Daily World News Digest 26 July 2019

Scores of migrants feared drowned after latest Libya shipwreck

At least 115 people are missing, feared drowned, after a boat carrying migrants sank off the coast of Libya, reports BBC. The boat was carrying 250 migrants from a number of African and Arab countries sank 8km from the coast. The UN’s refugee agency said this is the deadliest shipwreck in the Mediterranean so far this year. It is estimated that 164 people died on the route between Libya and Europe in the first four months of 2019. https://bbc.in/32Q4OO9

DR Congo: 700 extrajudicial killings in this year

According to a UN report, nearly 700 people in the Democratic Republic of the Congo were victims of summary and extrajudicial executions this year, most of which were carried out by security forces, Voice of America reports. Between January and June, after the presidential election in December, security and law enforcement officials were responsible for at least 245 extrajudicial killings and armed groups carried out at least 418 summary executions, according to a U.N. half-year report from its joint office for Human Rights (UNJHRO).  https://bit.ly/2Ykkwxk

Impunity in Kenya

A report submitted by Human Rights Watch to the United Nations (UN) Human Rights Council last week highlights key rights concerns in Kenya. According to rights group, since 2015, Kenyan police and military have been responsible for the enforced disappearances and killings of people suspected of links to Al-Shabab militant group, and authorities have not investigated or prosecuted anyone involved. The report also points out that during the 2017 election protests, police and pro-government militia were responsible for more than 100 deaths of opposition supporters in Nairobi and western Kenya. https://bit.ly/2SF7hpS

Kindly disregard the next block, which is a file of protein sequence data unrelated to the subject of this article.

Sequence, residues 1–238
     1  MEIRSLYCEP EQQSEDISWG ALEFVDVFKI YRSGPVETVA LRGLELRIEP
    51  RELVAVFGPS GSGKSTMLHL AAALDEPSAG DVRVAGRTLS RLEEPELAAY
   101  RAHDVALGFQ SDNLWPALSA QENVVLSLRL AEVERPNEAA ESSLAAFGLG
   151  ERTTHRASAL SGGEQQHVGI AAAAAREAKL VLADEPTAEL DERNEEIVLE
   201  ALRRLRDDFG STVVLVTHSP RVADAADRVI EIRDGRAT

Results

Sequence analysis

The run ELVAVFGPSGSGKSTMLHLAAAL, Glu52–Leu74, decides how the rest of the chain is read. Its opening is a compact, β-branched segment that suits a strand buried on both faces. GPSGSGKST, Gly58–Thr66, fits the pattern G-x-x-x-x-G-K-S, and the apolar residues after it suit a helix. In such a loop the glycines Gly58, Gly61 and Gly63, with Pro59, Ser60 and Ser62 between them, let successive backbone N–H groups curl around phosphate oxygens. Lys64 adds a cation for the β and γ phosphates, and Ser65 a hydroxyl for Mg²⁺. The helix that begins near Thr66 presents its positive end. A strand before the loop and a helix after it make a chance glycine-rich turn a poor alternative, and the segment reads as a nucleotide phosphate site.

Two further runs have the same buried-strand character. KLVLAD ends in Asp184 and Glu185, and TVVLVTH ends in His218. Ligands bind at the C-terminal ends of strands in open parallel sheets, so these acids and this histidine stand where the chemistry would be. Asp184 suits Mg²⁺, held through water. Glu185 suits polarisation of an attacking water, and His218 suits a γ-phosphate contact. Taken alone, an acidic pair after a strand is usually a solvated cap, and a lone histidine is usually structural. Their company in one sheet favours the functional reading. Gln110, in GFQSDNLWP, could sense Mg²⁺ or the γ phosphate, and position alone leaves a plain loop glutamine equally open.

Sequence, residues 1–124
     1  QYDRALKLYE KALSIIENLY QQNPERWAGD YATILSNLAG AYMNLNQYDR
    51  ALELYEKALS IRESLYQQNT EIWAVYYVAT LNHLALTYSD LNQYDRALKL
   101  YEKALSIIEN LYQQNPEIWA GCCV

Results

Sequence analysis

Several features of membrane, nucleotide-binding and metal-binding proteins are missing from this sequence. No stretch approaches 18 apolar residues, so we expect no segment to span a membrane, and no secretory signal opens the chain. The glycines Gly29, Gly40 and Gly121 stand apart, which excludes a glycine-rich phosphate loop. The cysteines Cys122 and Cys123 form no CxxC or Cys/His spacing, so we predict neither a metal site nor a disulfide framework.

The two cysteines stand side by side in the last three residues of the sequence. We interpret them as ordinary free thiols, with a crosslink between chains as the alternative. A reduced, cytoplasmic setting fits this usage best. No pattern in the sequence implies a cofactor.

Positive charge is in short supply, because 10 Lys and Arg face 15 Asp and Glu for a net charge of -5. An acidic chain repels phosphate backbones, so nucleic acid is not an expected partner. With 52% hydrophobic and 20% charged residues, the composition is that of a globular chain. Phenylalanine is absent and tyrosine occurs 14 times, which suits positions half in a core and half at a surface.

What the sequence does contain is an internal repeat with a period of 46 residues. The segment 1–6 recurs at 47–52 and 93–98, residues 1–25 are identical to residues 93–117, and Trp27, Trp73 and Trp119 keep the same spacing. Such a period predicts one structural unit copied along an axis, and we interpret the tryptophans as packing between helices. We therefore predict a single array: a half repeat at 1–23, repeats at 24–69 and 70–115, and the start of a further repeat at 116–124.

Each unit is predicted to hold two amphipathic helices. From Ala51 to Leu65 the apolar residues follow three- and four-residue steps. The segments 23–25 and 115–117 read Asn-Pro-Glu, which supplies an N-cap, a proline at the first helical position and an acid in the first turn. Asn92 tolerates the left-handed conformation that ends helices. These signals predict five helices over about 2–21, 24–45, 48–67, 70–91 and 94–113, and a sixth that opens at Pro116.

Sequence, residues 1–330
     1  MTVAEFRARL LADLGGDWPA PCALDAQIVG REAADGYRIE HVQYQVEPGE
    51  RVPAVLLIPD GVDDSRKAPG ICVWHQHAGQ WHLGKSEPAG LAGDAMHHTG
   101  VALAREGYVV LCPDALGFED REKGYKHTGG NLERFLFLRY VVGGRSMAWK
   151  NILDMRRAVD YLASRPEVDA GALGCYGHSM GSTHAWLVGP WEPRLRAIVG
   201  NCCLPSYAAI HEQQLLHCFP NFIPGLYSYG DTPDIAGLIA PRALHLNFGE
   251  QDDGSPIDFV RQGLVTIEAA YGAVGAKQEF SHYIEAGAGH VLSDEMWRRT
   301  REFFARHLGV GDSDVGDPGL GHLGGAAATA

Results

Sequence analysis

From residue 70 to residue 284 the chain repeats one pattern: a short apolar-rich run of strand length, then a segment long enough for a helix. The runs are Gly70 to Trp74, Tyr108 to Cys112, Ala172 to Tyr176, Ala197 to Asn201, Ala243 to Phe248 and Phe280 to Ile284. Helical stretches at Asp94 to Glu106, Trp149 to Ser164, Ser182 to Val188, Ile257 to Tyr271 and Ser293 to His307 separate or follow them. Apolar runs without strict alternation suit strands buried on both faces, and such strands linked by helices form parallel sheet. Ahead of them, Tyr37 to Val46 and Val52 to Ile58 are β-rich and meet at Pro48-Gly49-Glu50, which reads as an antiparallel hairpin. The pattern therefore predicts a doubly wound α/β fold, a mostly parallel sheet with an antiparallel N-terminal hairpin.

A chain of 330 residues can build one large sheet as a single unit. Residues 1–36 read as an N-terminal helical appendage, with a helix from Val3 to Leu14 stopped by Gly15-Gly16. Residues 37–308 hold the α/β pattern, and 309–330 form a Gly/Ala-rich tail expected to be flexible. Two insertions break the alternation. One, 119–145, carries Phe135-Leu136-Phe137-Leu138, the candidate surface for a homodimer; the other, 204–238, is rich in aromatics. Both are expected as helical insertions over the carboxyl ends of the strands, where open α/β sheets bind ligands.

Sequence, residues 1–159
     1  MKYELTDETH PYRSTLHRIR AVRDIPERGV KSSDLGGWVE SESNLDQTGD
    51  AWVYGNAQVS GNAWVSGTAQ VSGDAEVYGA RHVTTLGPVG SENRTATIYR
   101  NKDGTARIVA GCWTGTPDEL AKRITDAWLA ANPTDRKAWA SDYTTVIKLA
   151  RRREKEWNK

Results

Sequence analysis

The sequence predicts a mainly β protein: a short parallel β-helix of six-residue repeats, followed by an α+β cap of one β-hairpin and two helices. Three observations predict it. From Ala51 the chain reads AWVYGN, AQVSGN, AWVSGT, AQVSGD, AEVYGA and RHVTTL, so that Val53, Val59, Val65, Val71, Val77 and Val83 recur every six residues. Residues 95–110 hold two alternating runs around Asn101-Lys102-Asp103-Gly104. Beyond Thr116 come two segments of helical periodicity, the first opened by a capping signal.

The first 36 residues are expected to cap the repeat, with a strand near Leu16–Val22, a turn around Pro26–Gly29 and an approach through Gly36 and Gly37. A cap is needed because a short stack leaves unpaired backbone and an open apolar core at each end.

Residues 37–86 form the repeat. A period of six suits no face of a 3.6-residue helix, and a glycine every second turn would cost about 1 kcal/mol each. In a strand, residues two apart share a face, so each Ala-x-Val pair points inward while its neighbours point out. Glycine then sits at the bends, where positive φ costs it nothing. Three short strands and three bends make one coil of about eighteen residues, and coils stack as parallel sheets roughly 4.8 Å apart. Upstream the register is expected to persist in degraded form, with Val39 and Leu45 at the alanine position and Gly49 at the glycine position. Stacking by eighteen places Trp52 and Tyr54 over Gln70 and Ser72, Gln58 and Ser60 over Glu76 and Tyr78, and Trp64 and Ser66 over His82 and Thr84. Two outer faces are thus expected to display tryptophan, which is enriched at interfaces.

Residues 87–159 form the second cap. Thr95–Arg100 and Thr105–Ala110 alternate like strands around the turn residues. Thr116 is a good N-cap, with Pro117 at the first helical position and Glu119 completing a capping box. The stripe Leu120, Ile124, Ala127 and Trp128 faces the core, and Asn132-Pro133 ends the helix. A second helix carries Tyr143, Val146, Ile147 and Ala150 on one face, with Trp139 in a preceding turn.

Ireland: Tuam babies could be identified using genetic genealogy

Irish Mirror reports that the identity of hundreds of babies buried in mass grave in Tuam, Ireland, could be revealed with a new genetic testing DNA technique. Leading genealogist Maurice Gleeson believes identifying one third of the tragic infants would be a great success and he may be involved in testing the DNA of the remains extracted. Genetic genealogy has previously helped adoptees and people with unknown parentage to reconnect with their birth family and it is believed this novelty will be extended to other unknown persons such as soldiers’ remains and mass grave situations. https://bit.ly/2OlHjcv

Items in the Daily World News Digest are summaries of published reports relevant to the issue of missing persons, compiled by ICMP staff. These items do not necessarily reflect the position of ICMP.